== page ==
The New Newt Gingrich Novelty

The New Newt Gingrich Novelty

Gingrich's sudden popularity reveals a deep rift within the conservative base of the Republican Party.

New Gingrich’s 12-point victory in South Carolina has touched off a two-man war in the primary, regardless of the fact that a significant third opponent remains on the ballot. The media, however, and the attack ads, are s polarizing force in the political primary running up to Florida’s January 31st primary. It’s Gingrich vs. Romney right now, and the punches are coming fast and furious.

Mitt Romney, who was the favorite to win in South Carolina, even being endorsed by governor Nickie Haley, was defeated by a strange last minute rally in support of Gingrich. Gingrich had been sending volley after volley of negative ads aimed at Romney’s experience with private equity firm Bain Capital, and his perceived membership with the super wealthy. Ironically, these attack ads may have paid off in South Carolina despite the fact the Gingrich himself is very wealthy, owing a quarter million to Tiffany Co. and having almost beached his campaign in June by taking a Mediterranean cruise. Still, by characterizing Romney as out-of-touch and as a corporate looter, he was able to resonate with the large tea Party element in South Carolina and galvanize that electorate.

Since the Iowa Caucus on January 3rd, Romney has been trying to assert his place as the inevitable nominee by staying above the fray of the “lesser candidates”. However, Gingrich’s constant attack ads, and his recent primary win, have forced Romney to acknowledge and respond. The media, likewise, has been reporting the race now as a two-man face-off of sorts, with Rick Santorum staying conspicuously quiet. Santorum, who seems to have won Iowa after a recount of the closely contested caucus, has been largely ignored since an underwhelming performance in New Hampshire, and appears to be a kind of “Iowa fluke”.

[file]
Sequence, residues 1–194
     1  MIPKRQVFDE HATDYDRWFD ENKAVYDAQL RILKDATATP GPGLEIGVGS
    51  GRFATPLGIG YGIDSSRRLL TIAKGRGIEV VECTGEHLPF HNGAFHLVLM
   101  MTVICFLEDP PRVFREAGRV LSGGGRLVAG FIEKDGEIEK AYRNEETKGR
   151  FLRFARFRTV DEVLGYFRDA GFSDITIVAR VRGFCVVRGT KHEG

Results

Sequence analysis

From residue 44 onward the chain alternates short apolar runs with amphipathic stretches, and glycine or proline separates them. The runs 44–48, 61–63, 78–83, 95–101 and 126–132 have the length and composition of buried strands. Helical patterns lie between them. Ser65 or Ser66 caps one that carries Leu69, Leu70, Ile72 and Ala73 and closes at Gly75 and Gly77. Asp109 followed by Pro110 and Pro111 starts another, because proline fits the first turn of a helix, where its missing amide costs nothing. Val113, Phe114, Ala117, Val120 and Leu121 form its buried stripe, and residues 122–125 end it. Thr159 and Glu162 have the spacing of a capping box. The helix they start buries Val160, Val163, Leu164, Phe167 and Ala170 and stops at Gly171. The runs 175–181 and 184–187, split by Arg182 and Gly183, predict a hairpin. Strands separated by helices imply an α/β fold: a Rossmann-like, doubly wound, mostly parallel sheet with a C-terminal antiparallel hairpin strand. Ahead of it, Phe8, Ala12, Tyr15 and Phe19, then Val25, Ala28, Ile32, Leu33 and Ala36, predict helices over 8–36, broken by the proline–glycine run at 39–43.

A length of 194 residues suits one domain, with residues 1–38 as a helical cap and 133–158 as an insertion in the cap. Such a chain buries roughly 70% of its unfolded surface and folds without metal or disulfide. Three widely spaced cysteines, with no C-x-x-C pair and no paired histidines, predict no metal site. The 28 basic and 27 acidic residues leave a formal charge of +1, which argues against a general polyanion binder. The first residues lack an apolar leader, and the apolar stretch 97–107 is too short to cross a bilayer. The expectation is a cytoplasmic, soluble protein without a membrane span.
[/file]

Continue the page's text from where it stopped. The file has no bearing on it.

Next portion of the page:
The story of Gingrich’s win is the story of the Republican Party right now; the disconnect between the radicalized conservative popular vote, and the Republican establishment that prefers a plausible candidate for the general election. It comes down to the fact that Gingrich is not an electable nominee. His comments are too controversial, his platform too radical, and his politics too unpredictable to rally the independent votes that are essential to winning a national election. On the other hand, Romney has never been able to galvanize much more than 25% of the Republican electorate nationally, which will prove a tough sell in a general election. On the other hand, his moderate-right politics may be able to move the independents.

It remains to be seen whether the Republican Party will be able to sew up this divide before the nomination, or if Florida and the rest of the primary race will play out like a teeter-totter, pitting safe establishment politics against radical conservative ideology.